Architecture for Humanity - SF
Saturday, March 06, 2004

Well, after a long hard opposition campaign Prop J has been successfully vetoed by the voters , and a new message is sent to Mayor Newsom. Even amidst his gay marriage heroism and national upstart glory-days for his role in the future of the Democratic party, the public saw Prop J as yet another giveaway to profiteering developers, an insult to community process, and a pure scam on affordability. So, the same old question stares this city in the face, what’s the housing plan from here? San Francisco is the only city in the nation that has no depreciation in land value within its 49 square miles of landlocked peninsula. However, right now prices have stabilized some compared to Fresno ) and other surrounding California Real Estate. Yet the affordability wars still wage on in the Mission. And while Supervisor McGoldrick proposes his strict legislation on Public Benefits to incentivize developers, some critics claim they only back up SF’s reputation for being anti-development. And Newsom finally responds to Supervisor Daly’s anti-demolition ordinance. After Chris sent this letter to Newsom’s office, and a vigil was held by the Trinity Plaza tenants on the step of City Hall pleading with the mayor to not allow the demolition of their homes and the loss of further rent-controlled housing stock in this city, Mayor Newsom , to no surprise, vetoed the legislation claiming it was too broad, and would "stifle our ability to build new affordable housing.'' READ FULL MAYOR CORRESPONDENCE WITH TENANTS AND GONZALEZ HERE.


This time Randy Shaw writes a great piece for the Guardian debunking the Chronicle’s Lies, Newsom’s reputation and claims regarding the homeless.

“IT'S BAD ENOUGH when the media parrot the Bush administration's ongoing mistruths about homelessness. It's even worse when the San Francisco Chronicle aggressively promotes such lies, first to elect Mayor Gavin Newsom and now to portray him as an unparalleled leader on the issue.”

And CHANCE Martin returns with this article, 'Rambling through the CHANGES' and articulates clearly the invasion of privacy, and the inventorizing of homeless people.

“Call it the commodification of people - another "free market solution" for social control. Human beings are the inventory - at least, those humans who for whatever reason can¹t actually participate in our economy as active consumers. Under today's global economic prerogatives, if you're deemed unlikely to represent potential value as a consumer of products (read: poor), you are frequently assigned a role as a "consumer" of government-funded and regulated "services." These can range from welfare-to-work, a subsidized room, a shelter bed, case management, a prison cell, etc.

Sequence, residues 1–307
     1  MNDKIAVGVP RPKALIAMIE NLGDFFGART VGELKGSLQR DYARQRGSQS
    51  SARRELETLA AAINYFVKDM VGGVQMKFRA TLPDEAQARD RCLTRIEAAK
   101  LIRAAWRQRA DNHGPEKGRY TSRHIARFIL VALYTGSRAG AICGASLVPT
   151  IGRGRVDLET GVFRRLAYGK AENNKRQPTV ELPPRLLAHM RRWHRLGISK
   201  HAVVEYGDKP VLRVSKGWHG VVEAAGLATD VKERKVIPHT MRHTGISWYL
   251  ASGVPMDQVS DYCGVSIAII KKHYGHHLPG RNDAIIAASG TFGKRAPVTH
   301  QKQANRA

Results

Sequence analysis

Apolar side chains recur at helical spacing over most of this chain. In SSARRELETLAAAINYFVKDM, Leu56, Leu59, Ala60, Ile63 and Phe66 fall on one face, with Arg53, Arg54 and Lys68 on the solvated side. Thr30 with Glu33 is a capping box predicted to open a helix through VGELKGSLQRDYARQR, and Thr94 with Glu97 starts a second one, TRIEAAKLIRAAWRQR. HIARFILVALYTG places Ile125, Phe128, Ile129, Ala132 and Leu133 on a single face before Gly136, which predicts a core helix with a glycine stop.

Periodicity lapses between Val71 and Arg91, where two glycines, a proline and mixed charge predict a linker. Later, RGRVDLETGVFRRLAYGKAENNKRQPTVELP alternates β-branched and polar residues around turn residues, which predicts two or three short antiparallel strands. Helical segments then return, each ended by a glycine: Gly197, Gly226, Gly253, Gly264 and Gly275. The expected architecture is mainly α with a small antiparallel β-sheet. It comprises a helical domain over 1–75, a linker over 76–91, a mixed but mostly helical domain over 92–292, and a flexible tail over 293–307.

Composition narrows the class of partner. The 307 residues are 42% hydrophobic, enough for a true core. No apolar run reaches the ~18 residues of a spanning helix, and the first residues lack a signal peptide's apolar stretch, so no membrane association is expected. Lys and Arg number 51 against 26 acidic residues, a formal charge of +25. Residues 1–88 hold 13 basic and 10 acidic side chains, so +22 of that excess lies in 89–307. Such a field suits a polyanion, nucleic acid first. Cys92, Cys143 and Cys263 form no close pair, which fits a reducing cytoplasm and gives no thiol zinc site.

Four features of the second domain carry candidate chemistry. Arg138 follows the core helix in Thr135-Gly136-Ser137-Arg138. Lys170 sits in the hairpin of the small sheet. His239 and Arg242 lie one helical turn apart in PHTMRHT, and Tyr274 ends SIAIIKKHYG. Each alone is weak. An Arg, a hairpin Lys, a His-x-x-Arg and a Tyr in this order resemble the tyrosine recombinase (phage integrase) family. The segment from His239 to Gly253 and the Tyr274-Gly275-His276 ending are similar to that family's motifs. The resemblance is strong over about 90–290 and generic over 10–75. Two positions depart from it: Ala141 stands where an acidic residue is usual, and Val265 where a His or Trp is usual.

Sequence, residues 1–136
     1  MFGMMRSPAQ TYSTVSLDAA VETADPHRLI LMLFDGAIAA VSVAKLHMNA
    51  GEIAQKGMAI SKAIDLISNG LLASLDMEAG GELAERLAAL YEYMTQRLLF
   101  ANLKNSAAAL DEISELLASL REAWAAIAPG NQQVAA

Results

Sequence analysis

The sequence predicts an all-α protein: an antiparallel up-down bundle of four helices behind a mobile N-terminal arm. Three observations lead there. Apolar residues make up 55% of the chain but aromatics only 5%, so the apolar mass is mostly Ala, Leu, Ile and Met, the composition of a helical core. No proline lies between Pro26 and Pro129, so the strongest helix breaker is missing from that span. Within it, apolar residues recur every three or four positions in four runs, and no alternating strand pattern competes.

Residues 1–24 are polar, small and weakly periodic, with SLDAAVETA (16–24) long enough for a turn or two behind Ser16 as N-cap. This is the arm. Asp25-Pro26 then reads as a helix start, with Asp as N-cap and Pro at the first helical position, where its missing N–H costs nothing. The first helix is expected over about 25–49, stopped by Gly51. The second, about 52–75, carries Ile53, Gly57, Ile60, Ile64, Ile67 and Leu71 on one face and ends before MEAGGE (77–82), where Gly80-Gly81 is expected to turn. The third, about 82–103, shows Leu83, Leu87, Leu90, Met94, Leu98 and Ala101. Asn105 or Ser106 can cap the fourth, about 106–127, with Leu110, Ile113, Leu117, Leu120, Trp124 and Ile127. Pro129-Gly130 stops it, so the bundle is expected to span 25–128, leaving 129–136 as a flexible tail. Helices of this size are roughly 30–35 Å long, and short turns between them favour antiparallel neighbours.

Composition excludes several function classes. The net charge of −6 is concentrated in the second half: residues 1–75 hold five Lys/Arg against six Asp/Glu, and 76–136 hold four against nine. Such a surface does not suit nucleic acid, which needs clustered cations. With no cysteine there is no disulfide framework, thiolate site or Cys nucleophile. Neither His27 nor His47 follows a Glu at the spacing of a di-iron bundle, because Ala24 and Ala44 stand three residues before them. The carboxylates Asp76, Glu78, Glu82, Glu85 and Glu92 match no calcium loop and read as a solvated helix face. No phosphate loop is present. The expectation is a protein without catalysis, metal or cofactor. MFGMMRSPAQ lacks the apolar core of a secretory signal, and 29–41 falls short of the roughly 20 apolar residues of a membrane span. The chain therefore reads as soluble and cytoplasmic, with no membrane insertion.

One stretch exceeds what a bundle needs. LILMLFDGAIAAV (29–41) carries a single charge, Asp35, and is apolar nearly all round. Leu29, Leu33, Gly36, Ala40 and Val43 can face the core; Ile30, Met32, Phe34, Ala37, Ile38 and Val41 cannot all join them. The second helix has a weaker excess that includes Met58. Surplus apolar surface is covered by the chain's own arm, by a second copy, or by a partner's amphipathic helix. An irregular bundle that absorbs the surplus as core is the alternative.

These consumers' value to the economy, and by extension their identity, is governed by the potential reimbursement they represent to providers and regulating agencies of these government-funded services. Thus people in custody and economic wards of the state in turn become the state's inventory. As a result, our increasingly privatized social institutions have become increasingly alienating and dehumanizing for the people they are supposed to serve.”

This federal report offers 7 lessons from the most innovative strategies around the nation proving successful at solving homelessness. SF pays close attention.

"Moving people into permanent housing -- with "wraparound counseling services" on site -- is exactly the direction San Francisco is headed. In fact, the city already hosts innovative programs of its own. The city-run Direct Access to Housing project, for instance, has persuaded hundreds of indigents with acute substance abuse and mental problems to live inside, and the Brinton Homeless Project sends counselors all over the city to find the most mentally ill people sleeping on the sidewalks and steer them toward services."

"San Francisco has components that work very well, and the challenge is to stitch the components together into a comprehensive system that will show that the whole is greater than the parts," said Larry Bush, spokesman for HUD's San Francisco office. "

· Coalition on Homelessness Benefit. March 17. Slim's. (On sale now.) (415) 255-0333.


Check out the portfolio of Archeworks, some interesting approaches and definitely pushing the social relevance factor in their work.

Another proposal I am exploring now with the SF Bicycle Coalition is possible plan for various Bicycle garages , a la Europe.

And check out this man, Jesse Salcedo, who is a carpenter/developer by trade, but has dedicated a huge portion of his energy to placing the structures of his Apache heritage, the tepeeall around California. The ideal summer home?

And this man, Krystof Wodicszo is who got me interested in architecture to begin with. Some of his work : Homeless Cart , QT on his book Critical Vehicles

In the same vein, the Orta Intervention.

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